• Stack versus heap. Take care to understand proper use of stack versus heap allocation and when each is appropriate. As a general rule of thumb, unless a situation requires dynamic allocation, stack allocation is preferred. Often both techniques are used together in a program. For example, it is desirable that a dynamically-allocated C-strings be of the proper size, e.g. the string "apple" needs 6 characters worth of storage, no more, no less. A useful idiom to learn is allocating a maximum-sized stack buffer to temporarily store a string of indeterminate length, which is later copied to a dynamically-allocated buffer of the correct size once the length is known. This is how the line-reading code for mysort should operate.
  • Dynamic resizing. The mysort program doesn't know the count of lines in the input in advance, so it allocates based on an estimate and grows as needed. Doubling-in-size is a classic technique you'll see again and again such as in the buffer-handling for last assignment's read_line and the entries gathered by musl_scandir.
  • Assert allocation requests. It's not likely you will exhaust the entire heap on a modern system, but NULL can also be returned when the heap is corrupted. Either way,there is nothing good that comes after a failed allocation, so best to just call a halt to things before it goes from bad to worse.
  • Pointee types should communicate the truth. If you know the type of a pointer, by all means, declare it with its specific type. Use void* only if the pointee type is not known or can vary. Conversely, don't declare what should be a void* pointer with a specific pointee type. Declaring a void* as a char* misleads the reader into thinking this pointer is a C-string and allows it to be mis-used as such with no compiler warning.
  • Use pointer arithmetic sparingly. Even though you can access ordinary array elements or struct fields by calculating an offset from the base address, you should use array subscripts and struct field names for readability and safety. Work within the type system whenever possible and only drop down to low-level typecasts and pointer arithmetic when raw memory is all you've got.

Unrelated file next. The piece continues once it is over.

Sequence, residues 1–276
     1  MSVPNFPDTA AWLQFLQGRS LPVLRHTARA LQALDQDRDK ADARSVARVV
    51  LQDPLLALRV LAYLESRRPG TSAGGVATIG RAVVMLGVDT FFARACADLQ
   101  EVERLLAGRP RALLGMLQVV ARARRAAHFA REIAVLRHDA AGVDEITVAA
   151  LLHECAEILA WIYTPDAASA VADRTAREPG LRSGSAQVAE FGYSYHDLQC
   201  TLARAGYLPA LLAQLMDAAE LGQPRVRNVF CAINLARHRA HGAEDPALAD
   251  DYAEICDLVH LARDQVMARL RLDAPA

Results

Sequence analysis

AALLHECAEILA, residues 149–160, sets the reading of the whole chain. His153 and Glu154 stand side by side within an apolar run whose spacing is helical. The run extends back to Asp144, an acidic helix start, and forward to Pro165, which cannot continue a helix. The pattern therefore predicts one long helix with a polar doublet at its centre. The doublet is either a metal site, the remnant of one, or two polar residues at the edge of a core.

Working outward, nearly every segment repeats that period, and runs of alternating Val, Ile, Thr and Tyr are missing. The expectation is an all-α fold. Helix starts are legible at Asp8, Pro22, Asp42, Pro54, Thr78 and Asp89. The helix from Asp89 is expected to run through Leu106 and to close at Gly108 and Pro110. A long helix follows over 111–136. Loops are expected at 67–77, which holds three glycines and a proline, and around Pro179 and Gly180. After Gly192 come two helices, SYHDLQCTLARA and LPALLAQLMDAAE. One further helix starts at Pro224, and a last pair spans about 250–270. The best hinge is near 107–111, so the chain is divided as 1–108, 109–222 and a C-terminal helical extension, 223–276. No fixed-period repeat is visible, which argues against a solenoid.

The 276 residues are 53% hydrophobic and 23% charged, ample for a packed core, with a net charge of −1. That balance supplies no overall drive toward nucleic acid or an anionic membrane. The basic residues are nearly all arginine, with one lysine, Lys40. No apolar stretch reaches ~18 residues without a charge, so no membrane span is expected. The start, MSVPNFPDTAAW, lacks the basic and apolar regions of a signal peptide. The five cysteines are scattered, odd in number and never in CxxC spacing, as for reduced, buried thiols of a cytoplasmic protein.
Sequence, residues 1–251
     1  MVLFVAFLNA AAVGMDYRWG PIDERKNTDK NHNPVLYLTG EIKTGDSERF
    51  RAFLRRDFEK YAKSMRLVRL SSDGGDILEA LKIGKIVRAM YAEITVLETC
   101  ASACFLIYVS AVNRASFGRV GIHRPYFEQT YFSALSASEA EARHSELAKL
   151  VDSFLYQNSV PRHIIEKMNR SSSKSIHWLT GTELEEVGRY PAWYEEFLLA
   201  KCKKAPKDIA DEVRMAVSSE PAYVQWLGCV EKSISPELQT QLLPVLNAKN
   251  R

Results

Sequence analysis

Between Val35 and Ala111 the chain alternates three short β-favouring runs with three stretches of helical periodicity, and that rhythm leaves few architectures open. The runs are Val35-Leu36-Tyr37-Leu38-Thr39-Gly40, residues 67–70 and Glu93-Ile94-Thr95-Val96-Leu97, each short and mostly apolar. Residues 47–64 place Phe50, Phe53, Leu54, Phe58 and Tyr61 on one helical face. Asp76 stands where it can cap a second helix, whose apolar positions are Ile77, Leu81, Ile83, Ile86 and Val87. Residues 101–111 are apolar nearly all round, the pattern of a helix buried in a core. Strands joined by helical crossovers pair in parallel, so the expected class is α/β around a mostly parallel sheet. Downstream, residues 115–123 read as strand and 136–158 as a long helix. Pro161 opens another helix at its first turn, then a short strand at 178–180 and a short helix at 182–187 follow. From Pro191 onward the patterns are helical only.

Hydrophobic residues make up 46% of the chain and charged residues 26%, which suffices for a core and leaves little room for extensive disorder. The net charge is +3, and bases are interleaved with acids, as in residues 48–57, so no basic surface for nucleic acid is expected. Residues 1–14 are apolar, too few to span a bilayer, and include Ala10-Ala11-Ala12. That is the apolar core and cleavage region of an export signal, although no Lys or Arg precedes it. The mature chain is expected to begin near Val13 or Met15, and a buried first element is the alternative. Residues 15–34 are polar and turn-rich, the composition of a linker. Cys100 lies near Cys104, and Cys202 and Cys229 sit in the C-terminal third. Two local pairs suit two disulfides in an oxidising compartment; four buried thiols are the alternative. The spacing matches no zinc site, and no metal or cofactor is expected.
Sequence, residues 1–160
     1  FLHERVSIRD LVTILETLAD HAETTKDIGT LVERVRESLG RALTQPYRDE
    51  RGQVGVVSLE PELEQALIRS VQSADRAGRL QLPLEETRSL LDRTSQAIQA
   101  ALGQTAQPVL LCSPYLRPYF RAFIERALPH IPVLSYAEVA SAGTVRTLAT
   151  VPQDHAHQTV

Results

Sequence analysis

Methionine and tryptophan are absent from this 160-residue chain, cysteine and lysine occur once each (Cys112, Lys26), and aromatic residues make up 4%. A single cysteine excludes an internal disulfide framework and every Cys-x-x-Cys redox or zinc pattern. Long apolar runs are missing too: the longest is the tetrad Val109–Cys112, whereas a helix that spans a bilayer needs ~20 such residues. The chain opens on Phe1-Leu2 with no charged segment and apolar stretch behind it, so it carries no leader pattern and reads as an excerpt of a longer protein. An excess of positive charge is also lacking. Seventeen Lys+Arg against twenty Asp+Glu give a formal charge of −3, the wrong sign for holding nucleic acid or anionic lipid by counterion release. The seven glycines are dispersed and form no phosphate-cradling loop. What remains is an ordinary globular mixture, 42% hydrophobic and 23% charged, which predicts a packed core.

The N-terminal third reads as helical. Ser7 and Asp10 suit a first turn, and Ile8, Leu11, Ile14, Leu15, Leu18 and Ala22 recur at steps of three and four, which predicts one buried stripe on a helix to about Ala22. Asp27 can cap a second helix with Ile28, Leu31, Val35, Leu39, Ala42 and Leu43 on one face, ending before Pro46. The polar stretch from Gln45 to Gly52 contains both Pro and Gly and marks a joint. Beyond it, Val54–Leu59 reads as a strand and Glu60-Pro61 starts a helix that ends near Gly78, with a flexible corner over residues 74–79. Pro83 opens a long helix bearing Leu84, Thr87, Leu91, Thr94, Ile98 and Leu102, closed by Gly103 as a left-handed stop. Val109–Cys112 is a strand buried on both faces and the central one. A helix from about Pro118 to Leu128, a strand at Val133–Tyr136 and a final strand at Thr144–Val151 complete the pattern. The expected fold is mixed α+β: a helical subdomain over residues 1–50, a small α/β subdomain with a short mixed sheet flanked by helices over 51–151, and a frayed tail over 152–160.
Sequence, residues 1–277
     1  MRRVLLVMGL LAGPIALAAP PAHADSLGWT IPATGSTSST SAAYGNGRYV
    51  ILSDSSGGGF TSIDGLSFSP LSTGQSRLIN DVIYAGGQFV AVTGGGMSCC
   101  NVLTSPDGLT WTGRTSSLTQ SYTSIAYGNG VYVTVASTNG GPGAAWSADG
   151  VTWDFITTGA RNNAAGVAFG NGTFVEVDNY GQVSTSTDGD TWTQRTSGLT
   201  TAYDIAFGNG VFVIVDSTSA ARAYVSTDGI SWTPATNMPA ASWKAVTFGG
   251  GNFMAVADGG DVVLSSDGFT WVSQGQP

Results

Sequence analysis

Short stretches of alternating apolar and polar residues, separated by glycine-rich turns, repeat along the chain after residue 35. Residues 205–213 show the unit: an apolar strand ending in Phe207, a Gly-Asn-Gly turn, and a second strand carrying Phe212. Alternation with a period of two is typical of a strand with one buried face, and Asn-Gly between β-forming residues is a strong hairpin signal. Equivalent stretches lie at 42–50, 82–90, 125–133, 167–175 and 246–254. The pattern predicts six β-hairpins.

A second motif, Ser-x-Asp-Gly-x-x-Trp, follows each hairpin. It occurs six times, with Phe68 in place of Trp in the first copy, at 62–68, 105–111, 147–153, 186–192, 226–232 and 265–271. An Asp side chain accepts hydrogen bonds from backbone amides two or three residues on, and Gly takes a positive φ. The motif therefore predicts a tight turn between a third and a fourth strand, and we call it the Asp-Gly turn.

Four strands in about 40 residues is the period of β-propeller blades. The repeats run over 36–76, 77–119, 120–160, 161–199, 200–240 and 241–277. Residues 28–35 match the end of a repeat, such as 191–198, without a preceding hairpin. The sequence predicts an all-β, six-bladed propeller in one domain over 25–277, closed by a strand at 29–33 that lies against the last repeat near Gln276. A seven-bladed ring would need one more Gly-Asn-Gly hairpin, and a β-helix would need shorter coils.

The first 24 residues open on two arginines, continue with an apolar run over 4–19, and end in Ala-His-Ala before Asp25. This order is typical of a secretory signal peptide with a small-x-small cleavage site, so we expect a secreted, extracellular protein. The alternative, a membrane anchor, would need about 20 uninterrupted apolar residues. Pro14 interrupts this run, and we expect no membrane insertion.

• Prefer assignment to raw memcpy. Similarly, although memcpy can be used to do any kind of assignment, that doesn't mean it always should be used. Consider the three following ways of assigning an integer:
int dst, src;
void *pDst = &dst;
void *pSrc = &src;

dst = src;                          // option A
*(int *)pDst = *(int *)pSrc;        // option B
memcpy(pDst, pSrc, sizeof(int));    // option C

All three options accomplish the same thing (copying a 4-byte integer from src to dst). Option A, the ordinary assignment statement is direct, clean, and safe. This is always your best option as long as you are able to work within the type system. If you are forced to operate through a void*, you must instead consider options B and C. Option B, assignment using a typecast, is your second best choice. This option is readable, efficient, and relatively safe (given the correct typecast). Option C operates at the lowest-level, with no type safety whatsoever. A mismatch in the pointer types or size is silently accepted, yet causes havoc. When trying to read/write contents of a void* , go with Option B if possible. Drop down to the low-level memory copying of Option C only when you have no other choice. As a rule of thumb: if the size argument to memcpy is a compile-time constant (and especially so if it uses sizeof), this indicates you shouldn't be using memcpy/memmove. You only need to invoke raw byte-copying when the type/amount of memory being copied is determined at runtime.

  • Be wary of typecasts. Use typecasting sparingly. Your typecast defeats the type system and coerces the compiler to go along with it without complaint. With this power comes great responsibility. Before introducing one, consider: why is this cast necessary? what happens if it is not present? is there a safer way to communicate my intention? how might I work within the type system rather than against it? (i.e. correcting a mismatch in types rather than covering up with a cast). You should never cast away const-ness (fix the types instead!) and casting a function pointer is an extremely sketchy move (fix the function prototype instead!). You also never need to cast anything to a void*, since it is the universal recipient and is compatible with any pointer type (such a cast is redundant and can be removed). You will need a few typecasts, but add them exactly and only where you must. If your code repeatedly uses an expression that contains a necessarily unavoidable typecast, consider placing that expression into a shared helper to be invoked everywhere rather than repeat code.


Once you are finished working and have saved all your changes, check out the guide to working on assignments for how to submit your work. We recommend you do a trial submit in advance of the deadline to allow time to work through any snags. You may submit as many times as you would like; we will grade the latest submission. Submitting a stable but unpolished/unfinished is like an insurance policy. If the unexpected happens and you miss the deadline to submit your final version, this previous submit will earn points. Without a submission, we cannot grade your work.